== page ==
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Of maps and math and Buckminster Fuller

An "upside-down" world map, placing south at the top. Australians and southern Africans no doubt are asking "what's wrong with this?"

An “upside-down” world map, placing south at the top. Australians and southern Africans no doubt are asking “what’s wrong with this?”

Many maps of our world are familiar enough that if we see one with a small difference, it looks “wrong” to us. Consider the map at the right, in which the North Pole is at the bottom and easterly points are to the left of westerly ones. Compared with the most common world maps, this is upside-down, though that’s mainly because world cartography in the modern era has been dominated by Europeans.

However, there’s no reason why we should put north at the “top” of the map, and plenty of reasons to consider drawing maps differently. Consider the map at right again: it’s based on the famous McArthur’s Universal Corrective Map of the World, first published in 1979 by the Australian Stuart McArthur. However, it’s just a common version of the world map turned “upside down” for the sake of putting Australia near the top of the page; it’s still a distorted and misleading map in most ways.

Flat maps of our round Earth are known as projections. While there are many projections, the best-known (at least by name) is probably the Mercator projection, which is also the basis for McArthur’s map. Mercator was designed for ease of use by shipboard navigators and projects Earth’s mostly spherical shape onto a cylinder. The result is that features closer to the poles, like Greenland and Antarctica, are bigger than Africa, while close to the equator things are relatively better-proportioned. The Mercator projection is noteworthy because latitude and longitude lines are all straight on the map, which means if you look at any small patch of the map, everything is relatively correct. I think that factor accounts for the longevity of the Mercator projection, despite its obvious flaws.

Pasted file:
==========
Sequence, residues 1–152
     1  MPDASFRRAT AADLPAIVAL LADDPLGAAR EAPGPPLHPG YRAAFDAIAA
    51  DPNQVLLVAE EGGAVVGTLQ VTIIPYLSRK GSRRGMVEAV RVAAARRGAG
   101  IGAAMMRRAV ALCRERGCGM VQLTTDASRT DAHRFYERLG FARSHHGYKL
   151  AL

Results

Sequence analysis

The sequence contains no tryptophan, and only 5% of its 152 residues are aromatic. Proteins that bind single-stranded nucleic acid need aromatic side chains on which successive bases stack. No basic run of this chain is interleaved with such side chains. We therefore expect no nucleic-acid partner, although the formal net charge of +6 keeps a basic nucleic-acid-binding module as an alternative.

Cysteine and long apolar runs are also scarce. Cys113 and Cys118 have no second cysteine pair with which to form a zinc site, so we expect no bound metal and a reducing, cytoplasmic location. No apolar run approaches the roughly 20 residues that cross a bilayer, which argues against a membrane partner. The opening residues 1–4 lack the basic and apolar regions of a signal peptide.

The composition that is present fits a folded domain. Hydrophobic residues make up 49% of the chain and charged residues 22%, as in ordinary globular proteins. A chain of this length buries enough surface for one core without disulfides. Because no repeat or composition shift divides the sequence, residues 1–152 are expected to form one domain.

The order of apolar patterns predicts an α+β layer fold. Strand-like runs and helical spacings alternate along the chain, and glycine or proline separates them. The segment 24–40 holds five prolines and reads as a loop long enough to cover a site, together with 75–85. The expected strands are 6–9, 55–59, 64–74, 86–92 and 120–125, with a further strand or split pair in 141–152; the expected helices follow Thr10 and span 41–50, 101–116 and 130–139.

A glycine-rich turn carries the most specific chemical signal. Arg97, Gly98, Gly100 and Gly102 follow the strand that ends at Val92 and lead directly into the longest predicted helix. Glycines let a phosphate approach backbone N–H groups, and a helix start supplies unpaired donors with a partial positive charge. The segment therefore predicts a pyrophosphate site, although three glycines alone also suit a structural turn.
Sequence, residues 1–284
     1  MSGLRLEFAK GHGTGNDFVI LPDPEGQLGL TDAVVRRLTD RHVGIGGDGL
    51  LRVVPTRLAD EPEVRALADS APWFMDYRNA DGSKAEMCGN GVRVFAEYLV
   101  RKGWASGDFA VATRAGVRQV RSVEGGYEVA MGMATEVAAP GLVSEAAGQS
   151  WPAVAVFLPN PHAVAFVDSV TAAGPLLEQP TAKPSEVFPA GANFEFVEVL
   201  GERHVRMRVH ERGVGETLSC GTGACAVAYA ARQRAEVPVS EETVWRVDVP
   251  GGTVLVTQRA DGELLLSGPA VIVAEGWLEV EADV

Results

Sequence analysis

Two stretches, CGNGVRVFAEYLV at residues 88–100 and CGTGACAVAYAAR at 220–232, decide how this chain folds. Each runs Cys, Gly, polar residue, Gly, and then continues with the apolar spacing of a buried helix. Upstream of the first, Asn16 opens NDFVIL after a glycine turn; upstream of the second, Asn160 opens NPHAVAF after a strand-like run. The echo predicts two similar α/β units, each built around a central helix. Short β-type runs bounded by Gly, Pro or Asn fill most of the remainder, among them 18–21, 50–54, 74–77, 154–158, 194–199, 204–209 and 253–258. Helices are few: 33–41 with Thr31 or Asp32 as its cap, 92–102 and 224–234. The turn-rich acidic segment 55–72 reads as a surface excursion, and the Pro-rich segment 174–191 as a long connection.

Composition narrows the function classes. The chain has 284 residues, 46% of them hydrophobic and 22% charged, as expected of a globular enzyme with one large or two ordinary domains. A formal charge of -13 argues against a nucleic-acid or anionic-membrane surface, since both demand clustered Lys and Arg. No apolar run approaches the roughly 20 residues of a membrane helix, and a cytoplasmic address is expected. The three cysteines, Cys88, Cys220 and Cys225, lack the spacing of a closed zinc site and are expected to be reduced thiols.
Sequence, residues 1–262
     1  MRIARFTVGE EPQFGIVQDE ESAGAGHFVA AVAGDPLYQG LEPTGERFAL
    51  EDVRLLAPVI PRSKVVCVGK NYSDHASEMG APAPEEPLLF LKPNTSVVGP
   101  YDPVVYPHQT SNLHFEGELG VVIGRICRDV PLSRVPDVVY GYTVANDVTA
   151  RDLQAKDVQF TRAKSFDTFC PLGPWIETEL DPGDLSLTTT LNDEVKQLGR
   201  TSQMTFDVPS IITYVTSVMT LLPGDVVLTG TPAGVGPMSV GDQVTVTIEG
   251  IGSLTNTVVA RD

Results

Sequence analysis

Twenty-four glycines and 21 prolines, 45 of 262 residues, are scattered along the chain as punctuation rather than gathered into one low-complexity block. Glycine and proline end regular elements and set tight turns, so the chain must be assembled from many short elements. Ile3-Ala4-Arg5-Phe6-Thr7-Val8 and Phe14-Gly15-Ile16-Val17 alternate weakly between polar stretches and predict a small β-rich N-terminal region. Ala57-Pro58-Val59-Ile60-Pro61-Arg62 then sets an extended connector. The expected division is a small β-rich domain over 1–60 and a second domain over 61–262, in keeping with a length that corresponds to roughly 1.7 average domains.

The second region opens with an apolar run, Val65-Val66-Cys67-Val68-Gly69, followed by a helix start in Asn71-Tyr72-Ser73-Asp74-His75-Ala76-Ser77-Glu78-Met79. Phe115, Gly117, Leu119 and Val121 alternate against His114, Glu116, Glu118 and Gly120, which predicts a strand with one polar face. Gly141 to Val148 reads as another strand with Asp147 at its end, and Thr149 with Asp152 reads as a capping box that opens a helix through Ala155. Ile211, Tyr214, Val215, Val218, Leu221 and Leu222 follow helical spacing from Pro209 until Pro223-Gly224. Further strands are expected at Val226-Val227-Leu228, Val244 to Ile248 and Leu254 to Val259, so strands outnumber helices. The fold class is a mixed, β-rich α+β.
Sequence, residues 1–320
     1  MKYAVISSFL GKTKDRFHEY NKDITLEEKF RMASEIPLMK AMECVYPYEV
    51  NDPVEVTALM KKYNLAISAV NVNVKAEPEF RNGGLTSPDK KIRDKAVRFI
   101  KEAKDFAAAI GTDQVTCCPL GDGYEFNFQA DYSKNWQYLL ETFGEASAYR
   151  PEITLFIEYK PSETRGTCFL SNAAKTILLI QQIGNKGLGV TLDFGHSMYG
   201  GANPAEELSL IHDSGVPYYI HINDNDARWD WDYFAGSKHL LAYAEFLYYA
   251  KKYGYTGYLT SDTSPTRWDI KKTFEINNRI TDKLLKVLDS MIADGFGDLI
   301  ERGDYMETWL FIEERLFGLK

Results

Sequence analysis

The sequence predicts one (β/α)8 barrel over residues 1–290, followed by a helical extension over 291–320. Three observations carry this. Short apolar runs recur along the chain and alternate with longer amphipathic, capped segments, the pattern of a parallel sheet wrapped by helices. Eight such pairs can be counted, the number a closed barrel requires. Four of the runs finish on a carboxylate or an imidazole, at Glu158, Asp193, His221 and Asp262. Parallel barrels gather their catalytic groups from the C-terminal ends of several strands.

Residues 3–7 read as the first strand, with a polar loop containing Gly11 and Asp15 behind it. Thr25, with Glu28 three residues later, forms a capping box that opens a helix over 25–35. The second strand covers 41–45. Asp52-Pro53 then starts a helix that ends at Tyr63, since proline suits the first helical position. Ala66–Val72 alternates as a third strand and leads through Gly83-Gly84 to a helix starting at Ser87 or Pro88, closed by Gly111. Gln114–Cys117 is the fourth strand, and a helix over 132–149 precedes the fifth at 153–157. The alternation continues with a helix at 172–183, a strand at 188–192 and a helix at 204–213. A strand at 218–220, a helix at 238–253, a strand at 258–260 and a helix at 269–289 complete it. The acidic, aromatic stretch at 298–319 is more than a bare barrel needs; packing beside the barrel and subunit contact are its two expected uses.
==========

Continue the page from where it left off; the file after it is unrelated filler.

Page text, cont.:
However, no map of the world can ever be perfect for one simple reason: it’s literally impossible to reproduce the surface of a sphere onto a flat plane without distortion. That’s true even if the sphere is featureless and smooth — no matter what you do, there will always be at least some gap, overlap, or stretching to make things match up. To see this, consider the best we can possibly do: an impractical map called the stereographic projection, derived from projective geometry.

The stereographic projection (in one version at least) is obtained by placing Earth on a flat plane. See the text following for its description.

The stereographic projection (in one version at least) is obtained by placing Earth on a flat plane. See the text following for its description.

In the stereographic projection, you rest Earth (or whatever spherical object you’re working with) on an imaginary flat surface that will serve as your map. For each point on the globe, you draw a line connecting it to the North Pole and extend it until it reaches the map. All points on the same longitude line will lie along the same line on the map, and latitude lines will be circles. However, one point won’t be include on the map: the North Pole itself, since you can’t draw a unique line from the North Pole to itself that connects with the plane. In a mathematical sense, the North Pole lies at infinity in all directions on this map, something that’s perfectly OK in pure math (and I hope to return to that topic, as it relates to the geometry of spacetime and the behavior of elementary particles) but impractical for us.